One or more directors need to be appointed and at least one director has to be a local resident.
Representative Office - It is used for having a presence in the country while not conducting any business activity. It does not have any legal status and cannot enter into any contracts.
- It can undertake promotional activities for the parent company
- It can negotiate but cannot conclude on deals
- Parent company bears liability for activities of the office.
- It must be staffed by at least one representative from the head office
International Enterprise Singapore (IE Singapore) is the registration authority for Representative Offices for manufacturing, business services, commerce and other sectors. Banking, finance, insurance needs to be registered with the Monetary Authority of Singapore (MAS).
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Business disputes are an inevitable fact of life. In a competitive world-be it with local business transactions or on the other side of the world in Singapore-business law is a necessary tool for running an enterprise. A small business attorney is often as much a partner to a corporation as are tax accountants, marketing consultants, and human resource recruiters.
In the U.S., business law is largely the same. Business laws are written to establish fairness and a means of resolving disputes. The process is orderly and predictable, even if the outcomes are not always assured. Following is the process your attorney guides you through in business-to-business litigation:
- ADR (Alternative Dispute Resolution) - This is a court-supervised approach to avoiding litigation, seeking to resolve the dispute in a speedy, efficient and inexpensive way. Both parties must agree to participate in this process.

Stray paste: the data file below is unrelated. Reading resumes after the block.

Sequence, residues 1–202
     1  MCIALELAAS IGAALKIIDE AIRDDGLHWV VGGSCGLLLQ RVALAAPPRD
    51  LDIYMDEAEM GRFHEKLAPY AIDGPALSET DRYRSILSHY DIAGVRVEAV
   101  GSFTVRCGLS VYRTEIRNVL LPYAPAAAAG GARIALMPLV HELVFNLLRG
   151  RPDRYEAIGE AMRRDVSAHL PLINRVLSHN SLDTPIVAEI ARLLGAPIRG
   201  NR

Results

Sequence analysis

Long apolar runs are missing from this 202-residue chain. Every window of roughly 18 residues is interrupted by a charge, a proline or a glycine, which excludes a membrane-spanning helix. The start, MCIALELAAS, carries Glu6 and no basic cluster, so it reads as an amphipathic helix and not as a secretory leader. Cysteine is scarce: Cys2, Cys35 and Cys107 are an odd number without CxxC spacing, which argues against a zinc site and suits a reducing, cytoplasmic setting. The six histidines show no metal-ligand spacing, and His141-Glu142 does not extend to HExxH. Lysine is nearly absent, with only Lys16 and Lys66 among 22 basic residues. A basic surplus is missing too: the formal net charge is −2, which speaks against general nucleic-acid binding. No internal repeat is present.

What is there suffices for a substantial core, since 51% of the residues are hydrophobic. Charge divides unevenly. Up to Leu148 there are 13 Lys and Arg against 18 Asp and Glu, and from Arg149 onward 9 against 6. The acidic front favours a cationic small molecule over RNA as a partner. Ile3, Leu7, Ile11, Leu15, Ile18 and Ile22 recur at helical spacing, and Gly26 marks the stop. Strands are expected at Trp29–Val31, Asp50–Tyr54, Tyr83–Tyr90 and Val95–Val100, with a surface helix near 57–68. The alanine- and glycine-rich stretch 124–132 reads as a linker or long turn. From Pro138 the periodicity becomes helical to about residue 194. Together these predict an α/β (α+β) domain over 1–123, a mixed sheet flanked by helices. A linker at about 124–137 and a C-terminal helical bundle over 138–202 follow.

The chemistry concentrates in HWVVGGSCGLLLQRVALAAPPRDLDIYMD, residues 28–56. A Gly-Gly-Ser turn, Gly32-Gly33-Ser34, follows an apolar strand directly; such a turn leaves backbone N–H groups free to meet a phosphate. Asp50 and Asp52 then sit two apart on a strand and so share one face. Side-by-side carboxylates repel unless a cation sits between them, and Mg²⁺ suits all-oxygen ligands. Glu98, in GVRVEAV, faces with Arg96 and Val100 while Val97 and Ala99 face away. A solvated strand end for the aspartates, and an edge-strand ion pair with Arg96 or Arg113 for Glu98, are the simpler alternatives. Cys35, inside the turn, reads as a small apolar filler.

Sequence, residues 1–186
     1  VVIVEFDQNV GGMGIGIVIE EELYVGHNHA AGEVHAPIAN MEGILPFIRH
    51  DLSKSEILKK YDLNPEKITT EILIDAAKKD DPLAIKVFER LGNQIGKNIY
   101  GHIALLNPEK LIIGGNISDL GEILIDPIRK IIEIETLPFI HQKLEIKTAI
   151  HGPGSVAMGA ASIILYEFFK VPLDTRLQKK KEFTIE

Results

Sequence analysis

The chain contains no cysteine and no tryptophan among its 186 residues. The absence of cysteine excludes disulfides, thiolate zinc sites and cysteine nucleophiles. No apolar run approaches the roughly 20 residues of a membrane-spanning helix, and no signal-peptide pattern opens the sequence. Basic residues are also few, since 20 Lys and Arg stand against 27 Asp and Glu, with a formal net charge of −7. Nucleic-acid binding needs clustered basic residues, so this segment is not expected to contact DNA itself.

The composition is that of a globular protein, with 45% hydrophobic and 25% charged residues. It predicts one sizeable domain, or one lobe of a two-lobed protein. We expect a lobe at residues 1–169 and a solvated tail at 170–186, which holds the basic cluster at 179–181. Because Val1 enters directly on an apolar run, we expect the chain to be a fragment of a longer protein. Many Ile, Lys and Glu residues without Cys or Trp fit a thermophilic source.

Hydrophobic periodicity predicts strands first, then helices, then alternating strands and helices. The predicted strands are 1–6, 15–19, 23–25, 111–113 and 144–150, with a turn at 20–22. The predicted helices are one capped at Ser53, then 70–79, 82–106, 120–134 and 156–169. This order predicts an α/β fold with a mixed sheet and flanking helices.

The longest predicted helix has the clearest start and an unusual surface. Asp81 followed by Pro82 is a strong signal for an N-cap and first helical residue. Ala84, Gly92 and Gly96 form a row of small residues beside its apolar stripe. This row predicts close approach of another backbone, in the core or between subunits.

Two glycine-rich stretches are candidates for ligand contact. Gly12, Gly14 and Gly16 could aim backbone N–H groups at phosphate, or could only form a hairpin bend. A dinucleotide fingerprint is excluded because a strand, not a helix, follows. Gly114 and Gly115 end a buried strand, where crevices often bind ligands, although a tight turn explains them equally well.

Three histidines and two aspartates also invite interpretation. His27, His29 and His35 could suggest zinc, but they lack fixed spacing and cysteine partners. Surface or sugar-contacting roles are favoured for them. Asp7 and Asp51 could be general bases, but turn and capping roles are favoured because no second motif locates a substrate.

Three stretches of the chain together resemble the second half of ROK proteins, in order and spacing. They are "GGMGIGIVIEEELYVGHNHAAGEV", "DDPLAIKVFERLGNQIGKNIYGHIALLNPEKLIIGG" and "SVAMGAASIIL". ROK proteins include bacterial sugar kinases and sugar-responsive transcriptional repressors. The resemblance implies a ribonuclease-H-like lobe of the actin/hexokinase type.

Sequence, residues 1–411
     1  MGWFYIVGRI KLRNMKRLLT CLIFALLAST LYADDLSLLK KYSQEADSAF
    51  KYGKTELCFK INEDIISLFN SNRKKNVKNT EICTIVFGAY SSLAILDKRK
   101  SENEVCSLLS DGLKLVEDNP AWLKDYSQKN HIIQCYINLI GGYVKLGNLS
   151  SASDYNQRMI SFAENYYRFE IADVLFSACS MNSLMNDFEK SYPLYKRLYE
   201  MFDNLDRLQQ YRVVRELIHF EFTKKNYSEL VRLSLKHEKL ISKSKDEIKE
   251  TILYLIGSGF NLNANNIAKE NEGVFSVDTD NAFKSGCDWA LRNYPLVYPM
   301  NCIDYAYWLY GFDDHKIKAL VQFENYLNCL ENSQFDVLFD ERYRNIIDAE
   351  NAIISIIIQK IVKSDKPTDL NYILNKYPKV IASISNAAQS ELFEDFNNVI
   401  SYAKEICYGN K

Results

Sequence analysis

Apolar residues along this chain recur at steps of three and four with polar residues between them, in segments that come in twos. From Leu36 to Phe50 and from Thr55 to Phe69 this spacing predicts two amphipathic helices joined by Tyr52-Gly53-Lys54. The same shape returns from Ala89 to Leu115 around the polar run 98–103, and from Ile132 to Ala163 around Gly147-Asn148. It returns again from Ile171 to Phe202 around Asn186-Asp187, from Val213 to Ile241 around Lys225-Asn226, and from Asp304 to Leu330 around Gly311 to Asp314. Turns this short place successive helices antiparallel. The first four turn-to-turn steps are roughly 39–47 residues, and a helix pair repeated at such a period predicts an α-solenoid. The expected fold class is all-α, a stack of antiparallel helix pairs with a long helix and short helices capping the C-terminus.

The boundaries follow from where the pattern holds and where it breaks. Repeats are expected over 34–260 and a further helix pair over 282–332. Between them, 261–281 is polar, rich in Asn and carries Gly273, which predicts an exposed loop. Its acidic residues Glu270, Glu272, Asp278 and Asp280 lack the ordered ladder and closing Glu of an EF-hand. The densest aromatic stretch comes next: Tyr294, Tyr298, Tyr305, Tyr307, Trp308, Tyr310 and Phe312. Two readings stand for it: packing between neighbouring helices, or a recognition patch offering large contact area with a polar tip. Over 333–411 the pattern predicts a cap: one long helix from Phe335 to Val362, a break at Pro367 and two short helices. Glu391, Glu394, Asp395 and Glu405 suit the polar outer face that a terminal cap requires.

- File the claim - Your attorney formally makes this filing to the court and the defendant, stating your dispute and asking for a specific settlement.
- Discovery - Both plaintiffs and defendants must be amenable to allowing business records to be examined by the other party in gathering evidence. Employees and agents may be required to provide testimony in advance as well.
- Proceed to trial - If pre-trial attempts at settlement are unsuccessful, the plaintiff and defendant must meet in court to make their arguments. The court will render its judgment at the close of the trial.
- Appeals court - If a matter of how the trial was conducted is in dispute, or new evidence surfaces that is germane, a higher court can rule on the judgment. At times, decisions can be reversed.
Note that the ADR approach comes with its own set of rules. Impartial, neutral parties that include mediators, case evaluators, and arbitrators must facilitate the discussions and resolution. The mediation focuses on needs and interests instead of rights and positions, whereas the settlement is ultimately voluntary. Non-binding arbitration results in rendering a decision, but either party can reject the decision and choose instead to pursue a trial in court.